Potential IPF Treatment AD-214 Works in Inhaled Form, AdAlta Says

Yedida Y Bogachkov PhD avatar

by Yedida Y Bogachkov PhD |

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AdAlta announced that AD-214, its candidate treatment for idiopathic pulmonary fibrosis (IPF), has been successfully made into an aerosol for inhalation — a nebulized form — while retaining the molecular properties that supported its potential effectiveness in preclinical studies.

“The results of these studies support AD-214 being delivered by inhalation without losing its ability to bind to CXCR4 and at particle sizes with potential to travel to the furthest reaches of the lungs that are most affected by IPF,” Tim Oldham, PhD, CEO of AdAlta, said in a press release.

AD-214 combines two i-bodies, or modified antibodies, that target the protein CXCR4. Fibrocytes — cells involved in fibrosis development — expressing CXCR4 proteins have been shown to be increased in people with IPF and are an independent predictor of worse prognosis.

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According to the company, AD-214 demonstrated anti-fibrotic and anti-inflammatory activity in preclinical studies. Additionally, the anti-CXRC4 i-bodies have shown an ability to selectively target diseased lung tissue without affecting healthy tissue.

A Phase 1 trial supported the safety of AD-214 given as an intravenous formulation, the company announced in July, following studies in nonhuman primates that also showed safety and tolerability. A nebulized form of AD-214 might also lower the treatment’s cost by allowing for lower dosing relative to intravenous administration.

AD-214’s potential effectiveness in a nebulized form was demonstrated in two preclinical studies, AdAlta reported in its release.

In the first, AD-214 was passed through a microspray device commonly used to spray bleomycin — which induces fibrosis in mice — into mouse lungs. By administering the AD-214 in the same manner, the therapy was seen to reach lung regions where bleomycin induces fibrosis.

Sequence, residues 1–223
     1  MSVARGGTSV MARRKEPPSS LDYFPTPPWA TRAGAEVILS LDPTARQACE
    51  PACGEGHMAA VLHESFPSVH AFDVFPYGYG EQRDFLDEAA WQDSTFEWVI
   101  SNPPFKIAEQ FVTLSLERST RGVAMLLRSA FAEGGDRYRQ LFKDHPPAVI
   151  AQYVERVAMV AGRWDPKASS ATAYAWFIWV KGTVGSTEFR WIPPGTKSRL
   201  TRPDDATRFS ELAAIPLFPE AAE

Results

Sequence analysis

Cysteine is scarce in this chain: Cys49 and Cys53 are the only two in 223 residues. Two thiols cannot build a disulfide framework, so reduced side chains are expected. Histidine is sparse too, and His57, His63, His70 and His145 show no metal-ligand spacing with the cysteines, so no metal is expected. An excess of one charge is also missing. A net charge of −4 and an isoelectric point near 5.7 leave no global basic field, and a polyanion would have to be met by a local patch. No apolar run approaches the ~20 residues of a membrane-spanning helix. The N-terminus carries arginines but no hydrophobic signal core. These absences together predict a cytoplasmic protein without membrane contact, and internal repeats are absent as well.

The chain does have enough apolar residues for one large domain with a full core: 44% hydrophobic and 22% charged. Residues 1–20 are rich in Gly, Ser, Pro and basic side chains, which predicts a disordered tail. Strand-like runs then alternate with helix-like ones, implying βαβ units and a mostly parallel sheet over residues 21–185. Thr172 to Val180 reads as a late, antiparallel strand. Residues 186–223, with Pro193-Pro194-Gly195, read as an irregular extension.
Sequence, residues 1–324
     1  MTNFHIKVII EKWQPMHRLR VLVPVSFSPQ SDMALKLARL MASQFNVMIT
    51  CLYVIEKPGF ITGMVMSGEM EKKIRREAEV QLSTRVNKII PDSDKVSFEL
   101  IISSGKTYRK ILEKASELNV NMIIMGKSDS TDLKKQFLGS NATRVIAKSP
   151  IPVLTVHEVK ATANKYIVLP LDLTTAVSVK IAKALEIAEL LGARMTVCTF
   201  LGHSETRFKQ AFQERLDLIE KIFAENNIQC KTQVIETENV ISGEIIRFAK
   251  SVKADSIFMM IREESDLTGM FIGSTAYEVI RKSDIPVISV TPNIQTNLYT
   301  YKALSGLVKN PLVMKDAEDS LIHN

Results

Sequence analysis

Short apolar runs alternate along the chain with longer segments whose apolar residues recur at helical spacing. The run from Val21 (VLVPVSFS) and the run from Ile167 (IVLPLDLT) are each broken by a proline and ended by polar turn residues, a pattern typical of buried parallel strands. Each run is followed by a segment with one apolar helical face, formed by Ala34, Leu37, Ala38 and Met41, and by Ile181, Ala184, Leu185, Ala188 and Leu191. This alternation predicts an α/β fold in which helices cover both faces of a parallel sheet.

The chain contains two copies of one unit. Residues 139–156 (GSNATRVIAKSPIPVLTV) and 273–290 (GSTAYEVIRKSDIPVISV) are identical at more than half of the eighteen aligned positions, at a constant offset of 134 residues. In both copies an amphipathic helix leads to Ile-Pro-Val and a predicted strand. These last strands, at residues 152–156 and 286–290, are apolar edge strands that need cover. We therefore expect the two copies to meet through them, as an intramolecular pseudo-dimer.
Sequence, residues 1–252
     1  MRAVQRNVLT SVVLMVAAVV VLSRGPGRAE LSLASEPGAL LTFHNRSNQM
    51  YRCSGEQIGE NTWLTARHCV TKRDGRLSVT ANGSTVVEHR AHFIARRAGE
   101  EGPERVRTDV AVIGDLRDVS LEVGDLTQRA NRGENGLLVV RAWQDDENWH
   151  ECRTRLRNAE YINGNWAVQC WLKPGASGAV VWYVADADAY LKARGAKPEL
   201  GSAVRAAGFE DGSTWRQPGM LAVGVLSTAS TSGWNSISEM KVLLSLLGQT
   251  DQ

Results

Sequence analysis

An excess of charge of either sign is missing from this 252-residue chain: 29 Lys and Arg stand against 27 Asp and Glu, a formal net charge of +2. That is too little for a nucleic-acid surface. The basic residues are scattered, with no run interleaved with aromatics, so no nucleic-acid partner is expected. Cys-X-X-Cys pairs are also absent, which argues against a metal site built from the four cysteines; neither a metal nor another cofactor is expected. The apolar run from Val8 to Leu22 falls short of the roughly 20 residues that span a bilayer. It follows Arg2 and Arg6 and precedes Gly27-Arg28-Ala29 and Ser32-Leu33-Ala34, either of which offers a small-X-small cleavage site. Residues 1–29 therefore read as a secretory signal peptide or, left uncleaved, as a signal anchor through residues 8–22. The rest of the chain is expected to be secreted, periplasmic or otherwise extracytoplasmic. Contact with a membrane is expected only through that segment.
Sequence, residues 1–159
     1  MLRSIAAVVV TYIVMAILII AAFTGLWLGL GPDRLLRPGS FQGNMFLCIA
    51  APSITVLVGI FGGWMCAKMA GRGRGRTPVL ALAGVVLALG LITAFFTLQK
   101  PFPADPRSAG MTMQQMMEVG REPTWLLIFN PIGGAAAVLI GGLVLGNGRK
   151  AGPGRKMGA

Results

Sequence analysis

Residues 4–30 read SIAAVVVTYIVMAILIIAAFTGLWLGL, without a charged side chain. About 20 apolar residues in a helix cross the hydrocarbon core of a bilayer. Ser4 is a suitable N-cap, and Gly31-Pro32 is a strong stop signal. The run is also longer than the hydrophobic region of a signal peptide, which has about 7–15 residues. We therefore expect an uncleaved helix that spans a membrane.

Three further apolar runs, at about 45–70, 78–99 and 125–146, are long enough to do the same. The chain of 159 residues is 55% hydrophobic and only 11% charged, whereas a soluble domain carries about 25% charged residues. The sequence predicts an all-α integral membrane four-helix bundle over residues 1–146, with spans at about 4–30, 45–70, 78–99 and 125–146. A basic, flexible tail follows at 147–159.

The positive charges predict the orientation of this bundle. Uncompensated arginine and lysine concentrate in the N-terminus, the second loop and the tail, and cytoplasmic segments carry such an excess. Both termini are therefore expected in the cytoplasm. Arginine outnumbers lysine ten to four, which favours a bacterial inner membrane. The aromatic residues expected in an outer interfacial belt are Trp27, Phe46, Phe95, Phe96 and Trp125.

Given by microspray, it was also able bind to its target (CXCR4) without i-body aggregation or degradation. Efficacy studies of this delivery method in a bleomycin mouse model of IPF are currently underway and initial results are expected early next year.

The second study evaluated AD-214 administered using two commercially available nebulizers suitable for patient use. The particle size of the aerosolized medication and the fine particle fraction (particles less than 5 micrometers in diameter) — both important measures for inhaled therapies — were assessed. The dose fraction deposited in different lung regions was also simulated using the independent International Commission of Radiological Protection (ICRP) model, which allows for tracking substances that can potentially enter the lungs.

AdAlta’s goal was for the nebulizers to show a greater than 50% fine particle fraction and greater than 10% deposition in the alveoli — the airs sacs responsible for gas exchange in the lungs — or small airways, both regions important in IPF treatment.

The company reported that first nebulizer produced a 55% fine particle fraction and 46% deposition in the alveolar region of the lung based on the ICRP simulation. The second nebulizer produced a 60% fine particle fraction and 17% deposition in the alveolar region.

These data suggest that AD-214 can be successfully nebulized and reach lung regions necessary for IPF treatment.

“Simulations of the dose deposited in these regions exceeded our initial expectations,” Oldham said. “These results give us even greater confidence that we can deliver an inhaled formulation in time for scheduled future clinical studies.”

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